The initial view from the Australian Energy Market Operator following last month’s dramatic events that triggered widespread outages was that there were no trips of major generators. That may not have been the case,.
Readers may remember that one day after Scott Morrison became prime minister, twin lightning strikes on adjacent transmissions lines, caused a catastrophic failure and triggered a series of cascading events that saw more than 1,160 MW of load shed – including three different pot-lines at two aluminium smelters – and Queensland and South Australia separate from the rest of the grid.
The South Australia separation was particularly poignant, as the Tesla big battery – derided by Morrison as about as useful as the big banana – played a key role in responding to the initial fall and surge in frequency in South Australia, and keeping the lights on.
AEMO said at the time that it knew of no generators that had tripped as a result of the twin lightning strike, but a routine report by the Australian Energy Regulator into price movements that week sheds new light.
According to the AER, one hydro plant, Stanwell’s 55 year old, Barron Gorge hydro power station tripped, removing 33 MW of capacity (one of its two units) after the separation, while CS Energy withdrew 419MW of capacity at the Gladstone coal-fired power station because of “boiler control issues” following the trip.
It offered no further information. The AER is, however, going to provide a more detailed report into the pricing on that day, because the market for frequency control and ancillary services shot up to the market cap of $14,500/MW in all regions, sending the total FCAS bill to $14 million for the day.
AEMO also released a preliminary report into the event just over a week ago, but it did not shed too much more light on the incident, apart from noting the speed at which events cascaded.
It had never seen a twin lightinight strike on two lines before, so it had not contemplated such an event as what it calls a “credible contingency”. But it does now, having seen what happened immediately afterwards.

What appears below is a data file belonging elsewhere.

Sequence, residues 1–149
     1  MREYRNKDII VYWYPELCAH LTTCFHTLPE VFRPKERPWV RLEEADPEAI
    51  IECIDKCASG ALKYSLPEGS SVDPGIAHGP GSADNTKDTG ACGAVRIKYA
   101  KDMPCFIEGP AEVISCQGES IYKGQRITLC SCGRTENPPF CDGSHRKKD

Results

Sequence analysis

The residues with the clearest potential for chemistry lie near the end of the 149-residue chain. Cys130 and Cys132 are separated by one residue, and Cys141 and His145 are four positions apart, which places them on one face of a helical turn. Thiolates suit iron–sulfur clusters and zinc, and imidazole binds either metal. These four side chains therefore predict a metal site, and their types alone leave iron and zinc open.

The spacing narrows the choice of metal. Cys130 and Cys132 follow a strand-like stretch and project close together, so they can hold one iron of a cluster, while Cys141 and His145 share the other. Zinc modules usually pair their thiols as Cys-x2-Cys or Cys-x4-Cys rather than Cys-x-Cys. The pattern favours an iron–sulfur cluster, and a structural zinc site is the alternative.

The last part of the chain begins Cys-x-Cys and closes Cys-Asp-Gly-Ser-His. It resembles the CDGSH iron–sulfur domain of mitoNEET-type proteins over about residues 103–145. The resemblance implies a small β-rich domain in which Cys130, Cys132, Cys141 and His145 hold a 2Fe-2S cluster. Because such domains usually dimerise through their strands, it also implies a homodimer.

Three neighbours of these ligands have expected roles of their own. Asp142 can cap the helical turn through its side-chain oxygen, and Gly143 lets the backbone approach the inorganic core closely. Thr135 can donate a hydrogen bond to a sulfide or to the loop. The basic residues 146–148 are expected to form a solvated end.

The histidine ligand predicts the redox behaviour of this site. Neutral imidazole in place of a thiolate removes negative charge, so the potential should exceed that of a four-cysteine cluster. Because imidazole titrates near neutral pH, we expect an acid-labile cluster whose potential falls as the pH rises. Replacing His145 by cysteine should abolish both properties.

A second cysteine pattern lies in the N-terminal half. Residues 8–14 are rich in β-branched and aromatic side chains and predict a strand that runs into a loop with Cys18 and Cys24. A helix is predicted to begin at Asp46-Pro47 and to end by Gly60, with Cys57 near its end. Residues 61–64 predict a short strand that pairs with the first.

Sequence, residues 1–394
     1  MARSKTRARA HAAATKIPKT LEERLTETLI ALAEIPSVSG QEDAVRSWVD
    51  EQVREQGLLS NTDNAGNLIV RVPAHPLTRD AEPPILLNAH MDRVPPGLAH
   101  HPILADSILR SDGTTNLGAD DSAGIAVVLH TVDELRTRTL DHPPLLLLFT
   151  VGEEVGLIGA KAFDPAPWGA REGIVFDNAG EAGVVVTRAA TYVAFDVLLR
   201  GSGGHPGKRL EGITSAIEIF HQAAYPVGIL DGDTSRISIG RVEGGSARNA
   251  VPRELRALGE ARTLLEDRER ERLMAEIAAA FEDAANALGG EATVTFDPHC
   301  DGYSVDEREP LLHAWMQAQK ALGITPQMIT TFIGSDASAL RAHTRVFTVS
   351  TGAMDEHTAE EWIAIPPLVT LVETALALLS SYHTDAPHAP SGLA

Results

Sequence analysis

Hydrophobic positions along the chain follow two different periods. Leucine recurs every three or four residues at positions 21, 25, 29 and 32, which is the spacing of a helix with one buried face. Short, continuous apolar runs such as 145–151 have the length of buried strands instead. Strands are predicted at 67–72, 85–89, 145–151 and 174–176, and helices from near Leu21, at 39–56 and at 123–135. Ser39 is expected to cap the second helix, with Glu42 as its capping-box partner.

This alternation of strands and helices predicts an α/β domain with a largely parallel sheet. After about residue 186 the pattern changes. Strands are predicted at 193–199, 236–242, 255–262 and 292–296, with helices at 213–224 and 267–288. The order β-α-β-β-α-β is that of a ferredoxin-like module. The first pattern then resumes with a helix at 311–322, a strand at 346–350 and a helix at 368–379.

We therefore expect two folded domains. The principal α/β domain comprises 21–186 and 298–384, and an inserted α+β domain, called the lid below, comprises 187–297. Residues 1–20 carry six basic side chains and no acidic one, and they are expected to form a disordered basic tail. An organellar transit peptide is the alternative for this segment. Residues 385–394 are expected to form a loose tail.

According to AEMO, within eight seconds of the lightning strike, Queensland and South Australia were both separated, 81MW of industrial load in Tasmania was shed, and two potlines at the Tomago smelter in NSW were shed (617MW) and one hotlines at the Alcoa smelter in Victoria (278MW),
As well, a further 100,000 homes spread in various networks across NSW and the ACT were also cut off as another 125MW was shed.
“The simultaneous trip of two adjacent single circuit transmission lines due to a single or simultaneous lightning strike is a highly improbable occurrence,” AEMO notes in its preliminary report.
“Prior to this event, QNI was not considered vulnerable to lightning as there was no ‘probable’ or ‘proven’ risk of simultaneous strikes impacting both lines.”
AEMO did say that its preliminary findings suggested that the Operation of the Heywood Emergency Control Scheme – which now includes the Tesla big battery, formally known as the Hornsdale Power Reserve – operated to design, and can be seen responding prior to SA reaching the critically low level of 49 Hz.
In South Australia, prices initially fell to minus $1,000/MWh because of an excess of wind generation (the state had been exporting surplus capacity to Victoria at the time of the outage), while in Queensland prices jumped to $1,400/MWh.
That’s because AEMO had to instruct all coal generators to dial down to a maximum output of 350MW. This was to limit the amount of back-up generators required in the case that one of them tripped, as many generators had been co-opted to provide FCAS.
Giles Parkinson is founder and editor of RenewEconomy.com.au, and is also the founder of OneStepOffTheGrid.com.au and founder/editor of www.TheDriven.io. Giles has been a journalist for 35 years and is a former business and deputy editor of the Australian Financial Review.